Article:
POS Reconciliation & How It’s Done in 7 Steps
This article is part of a larger series on POS Systems.
POS reconciliation is the process of manually checking your POS sales records against your cash on hand and credit card processing statements to ensure there are no discrepancies. Not difficult but often tedious, it is a key part of the cash-handling process and helps prevent chargeback disputes.
Most service and retail businesses will only reconcile their POS at the end of a business day—before credit card transactions are batched and sent to their card processor. High-volume businesses like restaurants, operating with separate teams during different day-parts, typically reconcile at least twice per day. Continue on for our step-by-step guide to POS reconciliation
Using a modern POS to manage your business definitely makes POS reconciliation less of a chore. You can check out our ranking of the best POS systems for small businesses to find your best fit. Though for POS reconciliation, we like Square’s easy-to-read reports, which can really speed up your process.
Step 1: Close All Checks
Before you can begin your reconciliation, you want to be sure that there are no open checks in your register or POS. If you have multiple ticket types that come from phone orders, online sales channels, or different types of on-premise sales, check under all categories. An open check can be one of the first things that will throw off your reconciliation. Restaurants that accept online orders may also want to toggle off incoming orders until the reconciliation is complete.
Step 2: Gather the Materials You’ll Need
To start, you’ll need the day’s (or shift’s) POS sales transactions. The name of this report will vary by POS brand; most will call it an end-of-day register, cash report, transaction report, or Z report. You’ll also need credit card processing batch statements, your cash drawer at the ready for counting, and receipts or logs from any cash paid into or out of the till throughout the day. Most modern POS systems prompt your staff to enter pay-ins and pay-outs as they process them in and log them all on an easy-to-read report.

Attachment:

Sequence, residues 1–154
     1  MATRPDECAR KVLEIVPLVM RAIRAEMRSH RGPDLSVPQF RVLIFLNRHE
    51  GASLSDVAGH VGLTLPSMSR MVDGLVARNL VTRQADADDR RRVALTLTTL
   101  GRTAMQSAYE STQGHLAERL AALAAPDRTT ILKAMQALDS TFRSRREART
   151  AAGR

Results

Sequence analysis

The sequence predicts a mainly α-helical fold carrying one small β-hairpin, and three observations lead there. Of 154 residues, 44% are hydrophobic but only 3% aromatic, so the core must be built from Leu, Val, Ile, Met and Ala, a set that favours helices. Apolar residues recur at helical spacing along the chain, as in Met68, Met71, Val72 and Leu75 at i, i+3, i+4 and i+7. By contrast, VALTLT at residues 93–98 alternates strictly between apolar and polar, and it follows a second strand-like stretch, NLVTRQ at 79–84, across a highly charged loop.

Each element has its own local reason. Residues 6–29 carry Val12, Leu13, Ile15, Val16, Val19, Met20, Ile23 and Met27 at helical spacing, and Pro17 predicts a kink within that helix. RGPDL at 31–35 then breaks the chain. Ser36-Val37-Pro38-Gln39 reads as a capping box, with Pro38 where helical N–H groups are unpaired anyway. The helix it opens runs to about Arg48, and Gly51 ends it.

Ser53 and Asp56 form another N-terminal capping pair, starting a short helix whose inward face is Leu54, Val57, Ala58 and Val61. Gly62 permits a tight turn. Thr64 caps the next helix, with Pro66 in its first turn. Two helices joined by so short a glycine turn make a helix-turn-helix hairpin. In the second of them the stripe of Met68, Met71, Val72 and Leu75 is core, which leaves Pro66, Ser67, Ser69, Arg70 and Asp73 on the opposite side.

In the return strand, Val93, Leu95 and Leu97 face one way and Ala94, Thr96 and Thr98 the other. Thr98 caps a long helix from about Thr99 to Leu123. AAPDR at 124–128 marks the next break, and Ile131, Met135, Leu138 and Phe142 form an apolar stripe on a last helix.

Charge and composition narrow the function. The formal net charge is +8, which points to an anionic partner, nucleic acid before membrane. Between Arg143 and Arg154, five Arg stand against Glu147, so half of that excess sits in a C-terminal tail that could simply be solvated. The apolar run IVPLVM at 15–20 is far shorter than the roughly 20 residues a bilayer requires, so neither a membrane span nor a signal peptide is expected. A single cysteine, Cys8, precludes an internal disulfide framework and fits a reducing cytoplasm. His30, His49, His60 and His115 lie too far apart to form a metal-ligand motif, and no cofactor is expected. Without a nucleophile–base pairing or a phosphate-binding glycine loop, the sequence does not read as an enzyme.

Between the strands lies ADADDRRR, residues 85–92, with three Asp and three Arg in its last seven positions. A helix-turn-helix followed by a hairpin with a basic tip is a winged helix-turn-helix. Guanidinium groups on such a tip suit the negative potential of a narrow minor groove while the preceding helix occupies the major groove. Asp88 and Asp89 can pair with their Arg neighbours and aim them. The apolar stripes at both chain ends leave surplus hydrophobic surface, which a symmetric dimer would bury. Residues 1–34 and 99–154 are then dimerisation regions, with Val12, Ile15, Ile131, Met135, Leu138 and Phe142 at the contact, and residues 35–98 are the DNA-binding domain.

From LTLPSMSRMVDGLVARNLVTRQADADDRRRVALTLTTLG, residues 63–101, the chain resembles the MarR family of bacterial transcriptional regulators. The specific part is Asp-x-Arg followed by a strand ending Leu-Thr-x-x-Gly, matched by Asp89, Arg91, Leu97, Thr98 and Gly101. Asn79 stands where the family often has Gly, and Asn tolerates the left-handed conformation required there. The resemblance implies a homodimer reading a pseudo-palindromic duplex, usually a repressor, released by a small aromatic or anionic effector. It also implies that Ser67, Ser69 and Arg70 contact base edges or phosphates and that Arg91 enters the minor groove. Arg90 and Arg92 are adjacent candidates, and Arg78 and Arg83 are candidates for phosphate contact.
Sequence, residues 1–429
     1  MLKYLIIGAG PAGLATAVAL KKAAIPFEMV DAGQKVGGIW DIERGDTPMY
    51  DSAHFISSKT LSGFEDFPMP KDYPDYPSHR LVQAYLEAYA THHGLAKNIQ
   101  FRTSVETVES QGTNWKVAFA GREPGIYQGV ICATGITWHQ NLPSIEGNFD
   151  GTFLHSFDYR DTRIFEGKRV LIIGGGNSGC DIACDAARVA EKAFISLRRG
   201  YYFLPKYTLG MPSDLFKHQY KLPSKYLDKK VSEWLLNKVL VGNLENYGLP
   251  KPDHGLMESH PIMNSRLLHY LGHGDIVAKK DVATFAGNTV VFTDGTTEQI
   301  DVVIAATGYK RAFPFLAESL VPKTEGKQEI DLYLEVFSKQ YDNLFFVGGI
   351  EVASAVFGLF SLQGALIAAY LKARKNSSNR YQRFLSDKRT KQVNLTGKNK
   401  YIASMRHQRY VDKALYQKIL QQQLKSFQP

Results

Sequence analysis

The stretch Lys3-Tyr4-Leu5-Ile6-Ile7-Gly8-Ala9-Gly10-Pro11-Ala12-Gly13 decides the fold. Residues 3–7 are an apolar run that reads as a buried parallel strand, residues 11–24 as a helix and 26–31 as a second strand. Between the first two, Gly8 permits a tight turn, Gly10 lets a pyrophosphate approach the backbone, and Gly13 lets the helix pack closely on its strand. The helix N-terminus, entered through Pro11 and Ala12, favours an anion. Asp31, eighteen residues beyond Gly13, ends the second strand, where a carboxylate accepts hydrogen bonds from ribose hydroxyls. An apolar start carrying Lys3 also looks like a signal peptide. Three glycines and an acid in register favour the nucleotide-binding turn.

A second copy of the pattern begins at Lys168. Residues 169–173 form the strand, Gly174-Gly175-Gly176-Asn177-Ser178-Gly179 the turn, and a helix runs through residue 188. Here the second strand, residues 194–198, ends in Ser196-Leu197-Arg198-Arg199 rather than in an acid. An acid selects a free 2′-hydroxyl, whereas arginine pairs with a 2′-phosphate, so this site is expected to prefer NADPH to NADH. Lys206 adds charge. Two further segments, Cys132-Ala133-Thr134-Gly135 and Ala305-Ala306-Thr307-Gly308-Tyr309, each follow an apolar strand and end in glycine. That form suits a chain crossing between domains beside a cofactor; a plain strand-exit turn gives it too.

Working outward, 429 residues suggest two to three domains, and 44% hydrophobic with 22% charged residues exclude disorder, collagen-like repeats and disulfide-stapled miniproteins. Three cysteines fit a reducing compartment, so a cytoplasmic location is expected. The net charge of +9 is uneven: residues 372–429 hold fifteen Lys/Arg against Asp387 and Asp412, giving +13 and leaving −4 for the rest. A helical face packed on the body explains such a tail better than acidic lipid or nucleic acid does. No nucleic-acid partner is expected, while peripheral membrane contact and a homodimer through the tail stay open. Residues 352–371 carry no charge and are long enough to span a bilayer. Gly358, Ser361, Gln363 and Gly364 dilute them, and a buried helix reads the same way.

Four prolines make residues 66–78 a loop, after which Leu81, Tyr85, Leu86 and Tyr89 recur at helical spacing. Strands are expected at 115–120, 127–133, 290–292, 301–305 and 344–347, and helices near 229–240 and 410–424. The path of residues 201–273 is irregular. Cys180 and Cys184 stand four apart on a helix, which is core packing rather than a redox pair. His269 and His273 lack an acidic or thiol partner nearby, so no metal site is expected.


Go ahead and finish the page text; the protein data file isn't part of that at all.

What are pay-ins and pay-outs?
Pay-ins and pay-outs are non-sales-related cash amounts that are added or removed from the till during a shift. Pay-ins usually happen on busy days when the tills are running low on small bills and coins, so you add more cash to make change. Pay-outs commonly happen when a manager removes large bills to place in the safe, a cash tip is paid to a staff member, or petty cash is disbursed.
If your business is a bar or restaurant where several cash-handling employees hold on to cash transactions outside of a till, you’ll reconcile their cash and credit card payments using their individual shift reports. But, other than the report you use, the reconciliation process will be the same.
Step 3: Compare Card Transactions to Statements & Note Discrepancies
Look through your POS’s detailed transaction lists for each sale or refund for the period you’re reconciling. Cross-reference with your credit card batch statements and mark them if they match. If they don’t line up, make a note of it.
Step 4: Compare Cash Transactions to Cash on Hand & Note Discrepancies
Add up all the cash sales for the day or shift and compare the total to the actual cash you have in the register. As we note in the best practices below, it’s good to start each day with the same amount of cash because it will be easier to reconcile cash transactions. Note any discrepancies you see. These could be simple errors in change counting, or they could reveal a pattern of theft.
Always count cash behind a locked door. You might take tills to the back office (if you have one) to audit or lock your customer entrance until your count is complete. You never want to leave an open till on the sales counter while you tend to a customer or a staff issue. If you are alone in your building or close late in the evening—like a convenience store or nightclub—you should put two locked doors between your cash and the street.